Researchers at the University of Pittsburgh Medical Center (UPMC) have developed a genetic test that can help identify pancreatic cancer, even when a patient experiences no obvious symptoms of disease. The details of the PancreaSeq – which uses next-generation sequencing – were published in the journal, Gut.
The American Cancer Society estimates that over 53,600 individuals will be diagnosed with pancreatic cancer in 2017 alone. While pancreatic cancer makes up a relatively small percentage of all cancers, it has one of the lowest five-year survival rates of 12 percent for patients diagnosed with early-stage disease.
Routine medical scans can help detect pancreatic cysts that would otherwise go unnoticed. While most pancreatic cysts are benign, physicians are charged with determining if the mass is precancerous, and whether it should be surgically removed.
“On the one hand, you never want to subject a patient to unneeded surgery,” said Dr. Aatur D. Singhi, a surgical pathologist in the UPMC Division of Anatomic Pathology. “But survival rates for pancreatic cancer are much better if it is caught before symptoms arise, so you also don’t want to ignore an early warning sign. This rapid, sensitive test will be useful in guiding physicians on which patients would most benefit from surgery.”
While the genetic makeup of pancreatic cysts has historically been analyzed post-surgery, the PancreaSeq test allows doctors to prospectively test the mass. The tool uses a fluid sample collected from the cyst to run a panel of 10 pancreatic cancer-associated genes.
In all, 595 patient samples were tested using the PancreaSeq tool. Current guidelines were used to inform doctors’ decisions regarding whether the pancreatic cysts should be surgically removed.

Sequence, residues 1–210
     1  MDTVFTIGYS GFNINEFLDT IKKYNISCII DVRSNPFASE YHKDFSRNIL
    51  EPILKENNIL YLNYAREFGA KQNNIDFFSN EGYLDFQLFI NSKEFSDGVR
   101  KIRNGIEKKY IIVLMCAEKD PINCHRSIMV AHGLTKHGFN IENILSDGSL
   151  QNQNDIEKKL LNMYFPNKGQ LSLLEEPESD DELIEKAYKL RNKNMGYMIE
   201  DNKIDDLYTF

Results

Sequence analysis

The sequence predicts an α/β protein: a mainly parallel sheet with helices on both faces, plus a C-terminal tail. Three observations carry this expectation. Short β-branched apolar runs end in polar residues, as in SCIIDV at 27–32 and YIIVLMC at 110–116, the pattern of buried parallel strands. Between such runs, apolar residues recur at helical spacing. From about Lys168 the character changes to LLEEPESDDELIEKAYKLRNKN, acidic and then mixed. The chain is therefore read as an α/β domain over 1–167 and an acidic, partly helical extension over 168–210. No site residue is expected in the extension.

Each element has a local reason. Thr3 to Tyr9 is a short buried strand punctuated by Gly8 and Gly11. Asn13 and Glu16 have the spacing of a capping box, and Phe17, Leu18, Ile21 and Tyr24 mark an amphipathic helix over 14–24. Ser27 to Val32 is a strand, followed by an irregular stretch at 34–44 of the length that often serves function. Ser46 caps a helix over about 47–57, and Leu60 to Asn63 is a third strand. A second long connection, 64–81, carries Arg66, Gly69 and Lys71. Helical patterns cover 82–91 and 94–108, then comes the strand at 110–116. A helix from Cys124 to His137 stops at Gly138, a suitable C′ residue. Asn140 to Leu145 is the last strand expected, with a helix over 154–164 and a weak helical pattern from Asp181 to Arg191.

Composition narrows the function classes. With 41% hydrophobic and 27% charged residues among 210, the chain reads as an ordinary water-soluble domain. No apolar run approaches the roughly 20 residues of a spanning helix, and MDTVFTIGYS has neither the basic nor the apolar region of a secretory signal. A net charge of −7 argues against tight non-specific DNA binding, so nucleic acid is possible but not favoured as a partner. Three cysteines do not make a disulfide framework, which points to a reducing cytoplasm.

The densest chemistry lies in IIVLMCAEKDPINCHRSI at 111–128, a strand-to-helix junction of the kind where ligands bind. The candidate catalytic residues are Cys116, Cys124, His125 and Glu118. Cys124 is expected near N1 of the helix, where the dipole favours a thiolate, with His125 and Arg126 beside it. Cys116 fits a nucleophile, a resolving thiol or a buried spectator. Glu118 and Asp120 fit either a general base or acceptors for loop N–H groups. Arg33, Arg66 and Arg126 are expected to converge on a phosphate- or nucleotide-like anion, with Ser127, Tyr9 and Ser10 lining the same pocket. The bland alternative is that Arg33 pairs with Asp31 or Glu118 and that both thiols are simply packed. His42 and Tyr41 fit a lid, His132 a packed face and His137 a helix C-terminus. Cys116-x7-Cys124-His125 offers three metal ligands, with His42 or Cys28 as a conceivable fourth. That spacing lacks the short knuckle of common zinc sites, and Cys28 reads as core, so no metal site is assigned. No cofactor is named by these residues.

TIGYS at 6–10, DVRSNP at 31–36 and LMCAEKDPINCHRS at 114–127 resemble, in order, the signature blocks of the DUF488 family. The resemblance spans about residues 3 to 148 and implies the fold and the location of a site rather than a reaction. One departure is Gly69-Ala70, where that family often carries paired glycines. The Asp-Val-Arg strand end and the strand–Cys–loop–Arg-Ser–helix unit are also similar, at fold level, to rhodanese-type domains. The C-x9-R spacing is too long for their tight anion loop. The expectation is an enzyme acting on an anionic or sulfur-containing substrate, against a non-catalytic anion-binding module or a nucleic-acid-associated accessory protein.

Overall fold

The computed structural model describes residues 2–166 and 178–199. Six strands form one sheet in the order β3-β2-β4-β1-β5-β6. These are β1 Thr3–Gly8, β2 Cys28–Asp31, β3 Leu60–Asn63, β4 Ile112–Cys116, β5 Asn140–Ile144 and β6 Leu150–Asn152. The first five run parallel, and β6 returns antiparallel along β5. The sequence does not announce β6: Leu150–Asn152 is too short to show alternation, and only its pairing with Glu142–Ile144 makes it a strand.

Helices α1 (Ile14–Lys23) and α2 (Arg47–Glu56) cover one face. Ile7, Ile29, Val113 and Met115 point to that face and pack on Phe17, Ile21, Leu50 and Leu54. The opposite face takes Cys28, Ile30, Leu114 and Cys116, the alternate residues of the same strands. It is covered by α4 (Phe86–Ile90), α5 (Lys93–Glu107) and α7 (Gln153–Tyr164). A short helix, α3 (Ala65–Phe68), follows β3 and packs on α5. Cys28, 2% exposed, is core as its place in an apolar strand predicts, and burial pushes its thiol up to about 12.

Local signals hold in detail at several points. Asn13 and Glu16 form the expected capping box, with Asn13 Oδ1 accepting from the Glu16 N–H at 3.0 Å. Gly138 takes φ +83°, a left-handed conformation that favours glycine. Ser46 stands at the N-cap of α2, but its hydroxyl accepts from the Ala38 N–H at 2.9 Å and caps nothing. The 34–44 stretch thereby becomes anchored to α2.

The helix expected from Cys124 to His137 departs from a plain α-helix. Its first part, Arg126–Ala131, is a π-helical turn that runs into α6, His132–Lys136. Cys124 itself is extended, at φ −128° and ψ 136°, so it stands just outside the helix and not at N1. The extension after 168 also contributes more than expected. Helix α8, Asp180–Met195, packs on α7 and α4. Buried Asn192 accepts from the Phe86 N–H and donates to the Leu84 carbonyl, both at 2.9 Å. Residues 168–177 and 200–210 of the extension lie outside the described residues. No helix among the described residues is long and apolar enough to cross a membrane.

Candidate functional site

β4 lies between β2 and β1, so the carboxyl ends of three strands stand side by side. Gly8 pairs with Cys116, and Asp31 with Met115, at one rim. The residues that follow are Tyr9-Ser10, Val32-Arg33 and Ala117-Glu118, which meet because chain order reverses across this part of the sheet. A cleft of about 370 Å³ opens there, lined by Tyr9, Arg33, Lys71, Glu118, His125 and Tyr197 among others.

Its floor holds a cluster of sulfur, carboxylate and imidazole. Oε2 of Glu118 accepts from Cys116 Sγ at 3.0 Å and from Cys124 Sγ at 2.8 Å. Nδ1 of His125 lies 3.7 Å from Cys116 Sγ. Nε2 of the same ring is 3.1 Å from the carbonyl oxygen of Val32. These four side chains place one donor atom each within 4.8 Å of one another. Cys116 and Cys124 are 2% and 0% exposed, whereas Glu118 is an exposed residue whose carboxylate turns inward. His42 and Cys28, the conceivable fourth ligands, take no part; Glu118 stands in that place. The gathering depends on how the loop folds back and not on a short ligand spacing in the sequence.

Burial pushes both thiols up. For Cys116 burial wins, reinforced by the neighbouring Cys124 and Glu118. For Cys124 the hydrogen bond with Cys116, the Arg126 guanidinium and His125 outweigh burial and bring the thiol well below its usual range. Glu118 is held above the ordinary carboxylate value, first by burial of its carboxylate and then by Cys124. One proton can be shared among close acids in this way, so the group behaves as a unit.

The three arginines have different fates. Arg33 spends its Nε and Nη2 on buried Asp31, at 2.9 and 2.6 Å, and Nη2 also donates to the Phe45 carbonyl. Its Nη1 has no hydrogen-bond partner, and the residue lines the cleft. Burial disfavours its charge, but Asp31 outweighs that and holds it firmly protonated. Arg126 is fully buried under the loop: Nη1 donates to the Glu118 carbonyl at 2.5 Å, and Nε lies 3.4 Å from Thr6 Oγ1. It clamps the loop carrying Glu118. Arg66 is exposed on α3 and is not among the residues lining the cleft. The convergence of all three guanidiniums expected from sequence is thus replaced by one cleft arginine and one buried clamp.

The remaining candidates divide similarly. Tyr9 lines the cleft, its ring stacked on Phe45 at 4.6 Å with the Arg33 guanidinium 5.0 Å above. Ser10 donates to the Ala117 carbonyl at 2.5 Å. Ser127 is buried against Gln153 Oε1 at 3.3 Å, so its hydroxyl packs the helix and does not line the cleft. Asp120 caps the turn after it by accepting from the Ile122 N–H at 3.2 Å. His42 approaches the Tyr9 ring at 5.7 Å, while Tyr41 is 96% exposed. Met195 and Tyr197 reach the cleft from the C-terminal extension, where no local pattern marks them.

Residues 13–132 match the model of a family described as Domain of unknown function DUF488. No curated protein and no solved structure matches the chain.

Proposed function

Just over 100 of these patients underwent pancreatic cyst removal surgery, and the PancreaSeq showed 100 percent accuracy at identify those patients whose tumors were likely to progress to pancreatic cancer. This test also did not return any false positives, suggesting it could be highly specific at identify precursors to pancreatic cancer.
Not only was the study the first to use next-generation sequencing to analyze patient samples, but the work was also performed in an accredited clinical laboratory. Most work of this nature begins in a research setting, requiring further validation of the tool if results are promising. According to Singhi, this was a key decision which could help support the use of the test in a real-world setting.
“This was important to us,” said Singhi. “If PancreaSeq is going to be used to make clinical decisions, then it needed to be evaluated in a clinical setting in real time, with all the pressures that go with a clinical diagnosis.”
PancreaSeq is still be offered to patients through UPMC, however it is not yet part of any clinical guidelines for assessing pancreatic cysts. Singhi and his team are currently working on expanding the test to include additional genetic markers and further demonstrate its efficacy in a clinical setting.